Man­u­fac­tur­ing, Pri­vate Capex Too Needed Push

Growth and low rates would lead to nor­mal­i­sa­tion of con­sump­tion EX­PERT TAKE

The Economic Times - - Front Page -

EX­PERT TAKE

THE BUD­GET is a re­lief for mar­kets as sta­tus quo has been main­tained on long-term cap­i­tal gains in eq­ui­ties on both pe­riod of hold­ing and rate of tax­a­tion. Also, ap­pre­hen­sions of In­dia-fo­cused funds lo­cated abroad on in­di­rect trans­fer pro­vi­sions have been clar­i­fied, which is a pos­i­tive.

The big theme that stood out in the Bud­get is af­ford­able hous­ing. There are sev­eral pos­i­tive changes like con­sid­er­ing area as car­pet in­stead of built-up, and in­crease in pe­riod of com­ple­tion from three years to five years.

Ad­di­tion­ally, the sec­tor has been given in­frastr uc­ture sta­tus, which will help it avail ben­e­fits — one of the most im­por­tant be­ing credit at a lower rate. The im­proved vi­a­bil­ity of the sec­tor would help the sup­ply side while fall in in­ter­est rates and sub­ven­tion of in­ter­est would help on the de­mand side. This would au­gur well for real es­tate fir ms and banks in­volved in the sec­tor.

As we were ex­pect­ing, the fo­cus was on agri­cul­ture and ru­ral sec­tor. The tar­get for agri­cul­tural credit for FY18 is ₹ 10 lakh crore, an in­crease of 11%, while crop in­sur­ance tar­get is 40% of cropped area, com­pared with 30% in FY17. The al­lo­ca­tion for MGNREGA has been in­creased by 25% to ₹ 48,000 crore, the high­est ever.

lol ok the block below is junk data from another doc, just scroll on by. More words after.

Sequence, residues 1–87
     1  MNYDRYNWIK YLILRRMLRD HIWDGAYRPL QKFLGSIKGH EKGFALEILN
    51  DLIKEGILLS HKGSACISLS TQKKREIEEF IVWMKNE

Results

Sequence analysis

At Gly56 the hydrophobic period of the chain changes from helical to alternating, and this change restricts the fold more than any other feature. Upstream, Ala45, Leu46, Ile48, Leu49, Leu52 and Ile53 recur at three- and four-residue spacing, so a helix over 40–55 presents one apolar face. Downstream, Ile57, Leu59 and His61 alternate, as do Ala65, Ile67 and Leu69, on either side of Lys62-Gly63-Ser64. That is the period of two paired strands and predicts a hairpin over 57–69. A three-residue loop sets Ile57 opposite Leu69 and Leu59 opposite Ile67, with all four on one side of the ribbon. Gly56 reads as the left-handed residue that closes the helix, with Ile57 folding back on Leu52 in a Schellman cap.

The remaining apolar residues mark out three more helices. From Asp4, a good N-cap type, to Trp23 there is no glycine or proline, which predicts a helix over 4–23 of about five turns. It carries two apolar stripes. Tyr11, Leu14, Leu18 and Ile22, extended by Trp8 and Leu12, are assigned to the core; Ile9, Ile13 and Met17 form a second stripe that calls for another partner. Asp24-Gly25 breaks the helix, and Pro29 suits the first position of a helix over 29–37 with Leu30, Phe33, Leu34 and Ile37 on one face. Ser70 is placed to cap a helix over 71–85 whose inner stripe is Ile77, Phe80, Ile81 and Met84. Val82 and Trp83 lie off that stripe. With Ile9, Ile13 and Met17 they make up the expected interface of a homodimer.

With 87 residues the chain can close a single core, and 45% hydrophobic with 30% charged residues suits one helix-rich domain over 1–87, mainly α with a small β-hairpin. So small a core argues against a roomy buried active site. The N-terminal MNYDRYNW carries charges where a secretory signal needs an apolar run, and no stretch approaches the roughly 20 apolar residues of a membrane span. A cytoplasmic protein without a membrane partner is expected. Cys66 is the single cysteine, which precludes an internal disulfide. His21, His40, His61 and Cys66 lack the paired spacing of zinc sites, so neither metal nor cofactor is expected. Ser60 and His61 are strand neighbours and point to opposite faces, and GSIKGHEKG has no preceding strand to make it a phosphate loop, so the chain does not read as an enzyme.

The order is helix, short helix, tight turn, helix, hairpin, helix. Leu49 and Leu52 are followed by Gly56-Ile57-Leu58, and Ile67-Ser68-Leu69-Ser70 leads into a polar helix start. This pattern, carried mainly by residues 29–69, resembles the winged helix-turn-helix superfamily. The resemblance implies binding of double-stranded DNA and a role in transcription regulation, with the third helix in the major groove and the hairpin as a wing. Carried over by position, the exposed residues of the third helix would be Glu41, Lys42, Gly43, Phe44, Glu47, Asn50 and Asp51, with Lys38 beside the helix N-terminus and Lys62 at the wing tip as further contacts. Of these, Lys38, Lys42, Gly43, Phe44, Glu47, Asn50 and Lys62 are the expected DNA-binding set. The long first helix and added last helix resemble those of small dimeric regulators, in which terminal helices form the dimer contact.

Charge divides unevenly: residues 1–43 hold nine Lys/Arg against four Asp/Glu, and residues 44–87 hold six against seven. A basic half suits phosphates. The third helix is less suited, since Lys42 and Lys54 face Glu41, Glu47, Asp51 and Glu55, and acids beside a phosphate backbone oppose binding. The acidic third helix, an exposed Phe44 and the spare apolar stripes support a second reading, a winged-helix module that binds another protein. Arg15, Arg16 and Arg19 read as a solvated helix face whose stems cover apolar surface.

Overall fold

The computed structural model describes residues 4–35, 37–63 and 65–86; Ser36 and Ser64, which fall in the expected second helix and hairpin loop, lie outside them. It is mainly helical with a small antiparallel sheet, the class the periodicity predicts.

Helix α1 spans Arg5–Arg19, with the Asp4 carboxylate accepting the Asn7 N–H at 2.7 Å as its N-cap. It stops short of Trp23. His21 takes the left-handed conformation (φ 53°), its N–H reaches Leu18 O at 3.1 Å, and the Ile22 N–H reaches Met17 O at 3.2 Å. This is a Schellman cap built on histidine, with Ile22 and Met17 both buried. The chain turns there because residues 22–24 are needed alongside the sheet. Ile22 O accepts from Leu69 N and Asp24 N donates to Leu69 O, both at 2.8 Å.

It is com­mend­able that the gov­ern­ment is fol­low­ing the path of fis­cal con­sol­i­da­tion. While the mar­ket was widely ex­pect­ing fis­cal deficit to be 3.3-3.5% of GDP, the gov­ern­ment has cho­sen to peg it at 3.2%, which should go down well with for­eign in­vestors and rat­ing agen­cies.

What could be dis­ap­point­ing is the gov­ern­ment miss­ing an op­por­tu­nity to pro­vide an im­pe­tus to man­u­fac­tur­ing and pri­vate cap­i­tal ex­pen­di­ture. In the pub­lic sec­tor too, growth of capex was be­low ex­pec­ta­tions at around 10%, with rail­ways and roads ex­pen­di­ture see­ing an in­crease of 11% each. How­ever, what is heart­en­ing is that it has not re­sorted to hand­ing out dole-outs in the form of uni­ver­sal ba­sic in­come or re­duc­tion in cor­po­rate taxes.

Over­all, the fo­cus of the Bud­get on ru­ral growth and de­crease in in­ter­est rates would lead to nor­mal­i­sa­tion of con­sump­tion, which got af­fected post de­mon­eti­sa­tion. It has also fo­cused on widen­ing the tax base. The cap of ₹ 2 lakh on loss of prop­erty for let-out prop­er­ties would fa­cil­i­tate move­ment of in­vest­ments from phys­i­cal to fi­nan­cial as­sets.

Also, the ex­pan­sion of in­vestable in­stru­ments for park­ing cap­i­tal gains would chan­nelise in­vest­ments into fi­nan­cial as­sets.

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